Hungary and Poland likely will remain critical of Brussels, since neither faces an immediate decision over its future in the bloc. Even so, European integration caused strife in the Polish government recently after Poland's president vetoed portions of a controversial judicial reform package that the bloc criticized. The discord in Warsaw could intensify during the final months of the year. Other countries in the region such as Slovakia and the Czech Republic, by contrast, probably will make overtures toward deeper integration with the European Union.
The Czech Republic is preparing to hold general elections to name its next government Oct. 20-21. Because most voters and political parties in the country back its membership in the European Union and NATO, the Czech Republic's foreign policy will probably continue largely unchanged after the election. But eurozone membership is still a controversial subject among the Czech electorate. Consequently, the next government in Prague probably won't make any weighty decisions on the issue during the fourth quarter. It will, however, work to make its voice heard in the European Union's reform discussions and to strike a balance between its ties to the Visegrad Group — which also includes Poland, Hungary and Slovakia — and its connections with Western Europe.
Just a few days before Czech voters cast their ballots, Austria will hold its own general elections. The Oct. 15 vote will reveal the popularity of nationalist parties in the country. Immigration will be one of the most prominent issues during the campaign. Austrian voters are worried not only about the flood of asylum seekers who have arrived in their country over the past two years, but also about unfair competition from cheaper Eastern European labor. Apart from immigration, Brussels' authority over Austria's domestic affairs will be another focus in the election; some parties will promise to limit EU institutions' influence in the country and to protect strategic Austrian companies from foreign takeover.
Should the far-right Freedom Party enter Austria's next government, Vienna will be more willing to confront the European Union on issues such as migration, the future of the Schengen Agreement and efforts to revamp the bloc to address southern members' concerns. Austria would be careful not to jeopardize its membership in the eurozone, but at the same time, it would be warier of Continental integration. And regardless of whether the Freedom Party makes it into the government, the next administration in Vienna will try to protect Austria's borders, as well as its workers and companies. From a foreign policy perspective, the country's next government will be interested in preserving a degree of political and economic influence over the former Habsburg territories in Central Europe and the Balkans. Vienna also will remain skeptical of cooperating with Turkey and will push to enhance security collaboration among EU members.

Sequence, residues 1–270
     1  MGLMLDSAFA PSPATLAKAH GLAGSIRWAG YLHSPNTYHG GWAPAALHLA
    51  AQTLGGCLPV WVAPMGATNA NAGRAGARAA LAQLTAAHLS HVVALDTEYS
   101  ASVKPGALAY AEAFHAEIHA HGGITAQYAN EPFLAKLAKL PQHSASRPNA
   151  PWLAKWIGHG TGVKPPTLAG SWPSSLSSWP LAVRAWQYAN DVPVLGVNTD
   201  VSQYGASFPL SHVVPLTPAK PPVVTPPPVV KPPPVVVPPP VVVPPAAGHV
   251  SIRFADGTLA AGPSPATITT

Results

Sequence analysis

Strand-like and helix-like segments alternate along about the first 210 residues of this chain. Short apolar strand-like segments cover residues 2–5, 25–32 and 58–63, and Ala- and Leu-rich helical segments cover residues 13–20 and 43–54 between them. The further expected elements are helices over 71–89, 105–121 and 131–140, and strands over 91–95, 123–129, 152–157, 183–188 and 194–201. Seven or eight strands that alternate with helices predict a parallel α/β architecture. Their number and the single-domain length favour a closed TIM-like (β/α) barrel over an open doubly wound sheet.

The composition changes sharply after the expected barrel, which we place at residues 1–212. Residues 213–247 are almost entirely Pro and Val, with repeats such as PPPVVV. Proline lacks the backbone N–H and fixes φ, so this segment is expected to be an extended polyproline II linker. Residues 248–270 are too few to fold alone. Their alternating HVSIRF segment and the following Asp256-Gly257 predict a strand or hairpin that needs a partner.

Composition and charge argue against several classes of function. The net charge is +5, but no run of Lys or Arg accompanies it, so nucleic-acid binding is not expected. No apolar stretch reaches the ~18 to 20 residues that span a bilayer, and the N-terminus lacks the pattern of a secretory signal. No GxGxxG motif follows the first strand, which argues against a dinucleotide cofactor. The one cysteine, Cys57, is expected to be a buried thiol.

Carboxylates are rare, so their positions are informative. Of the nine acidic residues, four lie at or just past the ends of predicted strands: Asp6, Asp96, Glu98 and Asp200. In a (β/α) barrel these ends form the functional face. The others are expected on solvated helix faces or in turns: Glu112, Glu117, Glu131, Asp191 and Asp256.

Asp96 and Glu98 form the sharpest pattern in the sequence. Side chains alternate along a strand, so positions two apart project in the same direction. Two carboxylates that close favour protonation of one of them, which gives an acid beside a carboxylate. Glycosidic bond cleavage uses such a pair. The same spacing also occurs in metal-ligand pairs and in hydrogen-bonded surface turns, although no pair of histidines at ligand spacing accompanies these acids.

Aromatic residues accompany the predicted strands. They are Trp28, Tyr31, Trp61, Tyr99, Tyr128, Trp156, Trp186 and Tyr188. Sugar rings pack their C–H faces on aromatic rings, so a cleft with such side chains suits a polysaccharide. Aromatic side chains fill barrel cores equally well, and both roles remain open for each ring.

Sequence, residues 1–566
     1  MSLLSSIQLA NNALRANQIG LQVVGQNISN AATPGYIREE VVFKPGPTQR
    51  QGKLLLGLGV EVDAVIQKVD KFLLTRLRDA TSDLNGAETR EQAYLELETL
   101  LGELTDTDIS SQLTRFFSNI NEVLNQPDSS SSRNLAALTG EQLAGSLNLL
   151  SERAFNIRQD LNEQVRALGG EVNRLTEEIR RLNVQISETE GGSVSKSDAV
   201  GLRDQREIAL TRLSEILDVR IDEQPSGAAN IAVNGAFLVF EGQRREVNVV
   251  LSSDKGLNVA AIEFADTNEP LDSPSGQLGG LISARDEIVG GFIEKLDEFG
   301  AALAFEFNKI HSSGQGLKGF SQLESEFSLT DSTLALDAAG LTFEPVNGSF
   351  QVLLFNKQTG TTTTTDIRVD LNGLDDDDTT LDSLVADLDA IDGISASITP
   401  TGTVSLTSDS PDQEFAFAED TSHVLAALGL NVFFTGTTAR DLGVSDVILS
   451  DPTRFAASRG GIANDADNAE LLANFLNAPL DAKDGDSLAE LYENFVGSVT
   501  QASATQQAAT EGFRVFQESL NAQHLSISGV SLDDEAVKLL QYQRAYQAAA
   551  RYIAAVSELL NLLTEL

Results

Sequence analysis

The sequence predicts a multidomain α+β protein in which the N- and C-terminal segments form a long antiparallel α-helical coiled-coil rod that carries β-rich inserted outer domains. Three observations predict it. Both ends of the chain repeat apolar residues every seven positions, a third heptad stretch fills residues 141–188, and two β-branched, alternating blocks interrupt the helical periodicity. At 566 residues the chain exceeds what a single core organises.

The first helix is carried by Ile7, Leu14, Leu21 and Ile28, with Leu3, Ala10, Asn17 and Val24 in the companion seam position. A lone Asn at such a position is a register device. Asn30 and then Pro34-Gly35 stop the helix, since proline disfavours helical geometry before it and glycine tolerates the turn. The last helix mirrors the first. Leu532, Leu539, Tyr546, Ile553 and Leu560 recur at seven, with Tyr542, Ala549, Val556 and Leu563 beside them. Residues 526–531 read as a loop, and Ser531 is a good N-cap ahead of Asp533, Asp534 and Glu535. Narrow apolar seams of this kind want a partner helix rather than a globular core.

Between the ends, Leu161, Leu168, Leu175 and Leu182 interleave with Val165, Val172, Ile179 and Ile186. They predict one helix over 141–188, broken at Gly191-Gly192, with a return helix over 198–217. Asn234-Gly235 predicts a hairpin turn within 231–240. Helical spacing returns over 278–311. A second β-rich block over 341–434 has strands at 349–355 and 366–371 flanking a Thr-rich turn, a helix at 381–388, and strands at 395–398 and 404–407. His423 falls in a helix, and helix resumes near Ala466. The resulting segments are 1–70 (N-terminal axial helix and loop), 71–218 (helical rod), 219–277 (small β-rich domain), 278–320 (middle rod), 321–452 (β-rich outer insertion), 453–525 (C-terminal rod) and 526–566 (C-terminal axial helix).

Brexit Negotiations Continue
During the fourth quarter, the United Kingdom and European Union will continue their negotiations over the Brexit. EU leaders will discuss the status of the first phase of negotiations, covering the terms of the United Kingdom's departure, at a summit on Oct. 19. London hopes the bloc will use the opportunity to authorize the second stage of Brexit talks — discussions over their future trade agreement — though based on the lack of progress in recent rounds of negotiations, Brussels may delay the next phase. The October summit is more a symbolic date than a concrete deadline, however. Even if the European Council doesn't give the go-ahead by that time, the United Kingdom and the European Union will be keen to move on to the next phase of talks later this year or early next.
In the meantime, London and Brussels will carry on with the difficult task of sorting out what will become of the EU budget after the Brexit. The European Union needs the United Kingdom to keep paying into the budget. Otherwise, the remaining 27 member states would have to increase their contributions, something Northern Europe opposes, or agree to cut spending on items such as agricultural subsidies or development funds — an unacceptable option for Southern and Eastern Europe. London has its own economy to think about and is hoping for an implementation period before eventually reaching a permanent settlement to soften the Brexit's economic effects. Making contributions to the EU budget, however controversial among the British public, will help the United Kingdom realize that arrangement.
While the British government negotiates with its peers in the European Union, it will continue pursuing trade deals with as many countries outside the bloc as possible. London cannot legally sign any of its own free trade agreements until after it leaves the European Union, but it is working to set the stage for future deals. The United Kingdom may not get very far in this endeavor, however, since most of its potential trade partners would rather wait and see how its relations with the bloc shake out before making any decisions.